Limpkins are Apple Snail specialists.  That is, they eat snails of the genus Pomacea to the exclusion of all else, provided the snails are available. And while finding snails is not difficult for a long legged bird that is not afraid to wade into alligator-infested marshes it is difficult to extract the yummy snail meat from its protective shell.  Fortunately, Limpkins learn quickly, and watching one remove a snail from its shell with only the use of a beak is impressive.

I had the good fortune to watch just that happen at the Viera Wetlands one day this past week.  The snail was not very large but I was impressed with the size of the chunk of snail meat hiding in the recesses of the shell.  Want to see a Limpkin eating a snail?  Then scroll down!

First, though, I thought it might be nice to share the Limpkin portrait I managed to get…

Limpkin Aramus guarauna

The Limpkin is the only bird in the family Aramidae, which shares the order Gruiformes with the rails and cranes.  There is no other bird quite like a Limpkin for which the snails of Florida are very grateful!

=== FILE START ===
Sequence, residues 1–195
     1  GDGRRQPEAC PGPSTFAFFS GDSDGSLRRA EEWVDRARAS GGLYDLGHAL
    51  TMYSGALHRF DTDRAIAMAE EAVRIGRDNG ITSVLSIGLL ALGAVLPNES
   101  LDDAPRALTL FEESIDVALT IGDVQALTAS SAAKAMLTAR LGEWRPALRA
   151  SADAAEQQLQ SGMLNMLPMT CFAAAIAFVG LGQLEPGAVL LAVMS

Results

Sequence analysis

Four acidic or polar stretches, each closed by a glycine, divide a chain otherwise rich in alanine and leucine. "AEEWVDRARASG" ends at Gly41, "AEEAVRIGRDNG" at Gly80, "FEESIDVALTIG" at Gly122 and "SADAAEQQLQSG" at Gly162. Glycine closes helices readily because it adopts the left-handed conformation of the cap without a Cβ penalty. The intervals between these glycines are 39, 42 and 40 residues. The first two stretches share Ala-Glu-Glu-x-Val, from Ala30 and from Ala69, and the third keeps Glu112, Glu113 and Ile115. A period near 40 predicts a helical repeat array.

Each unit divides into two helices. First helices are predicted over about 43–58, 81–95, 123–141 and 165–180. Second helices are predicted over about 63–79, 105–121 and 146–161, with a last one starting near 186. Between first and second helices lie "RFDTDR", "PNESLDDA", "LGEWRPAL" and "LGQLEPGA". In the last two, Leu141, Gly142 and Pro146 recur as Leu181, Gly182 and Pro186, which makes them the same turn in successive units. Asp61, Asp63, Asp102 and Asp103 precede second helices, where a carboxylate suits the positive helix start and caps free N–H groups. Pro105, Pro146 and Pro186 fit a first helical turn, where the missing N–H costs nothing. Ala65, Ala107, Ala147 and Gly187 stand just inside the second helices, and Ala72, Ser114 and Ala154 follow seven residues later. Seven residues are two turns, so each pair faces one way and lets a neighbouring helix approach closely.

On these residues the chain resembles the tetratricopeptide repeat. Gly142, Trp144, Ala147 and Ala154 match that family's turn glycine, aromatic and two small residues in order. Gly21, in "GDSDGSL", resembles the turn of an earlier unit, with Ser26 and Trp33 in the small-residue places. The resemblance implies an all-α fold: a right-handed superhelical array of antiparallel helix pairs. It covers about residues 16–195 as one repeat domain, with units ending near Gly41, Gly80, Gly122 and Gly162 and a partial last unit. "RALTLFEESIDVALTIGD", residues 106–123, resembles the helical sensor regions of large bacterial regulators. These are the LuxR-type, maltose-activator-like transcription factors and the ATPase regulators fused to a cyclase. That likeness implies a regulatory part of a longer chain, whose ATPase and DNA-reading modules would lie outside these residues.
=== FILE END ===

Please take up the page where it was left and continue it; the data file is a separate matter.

Limpkin with a freshly caught snail

Now the Limpkin finds a good place to process its lunch.

It’s tricky to get the meat out!

Success! Yum!

Off to find another snail…

If you liked these images make sure to head on over to 10,000 Clicks, the 10,000 Birds photo-galleries page, and see our growing collection of galleries.

10,000 Birds is a Scrub Jay-level sponsor of the 15th Annual Space Coast Birding and Wildlife Festival.

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Written by Corey
Corey is a New Yorker who lived most of his life in upstate New York but has lived in Queens since 2008. He's only been birding since 2005 but has garnered a respectable life list by birding whenever he wasn't working as a union representative or spending time with his family. He lives in Forest Hills with Daisy, their son, Desmond Shearwater, and their indoor cat, B.B. His bird photographs have appeared on the Today Show, in Birding, Living Bird Magazine, Bird Watcher's Digest, and many other fine publications. He is also the author of the American Birding Association Field Guide to the Birds of New York.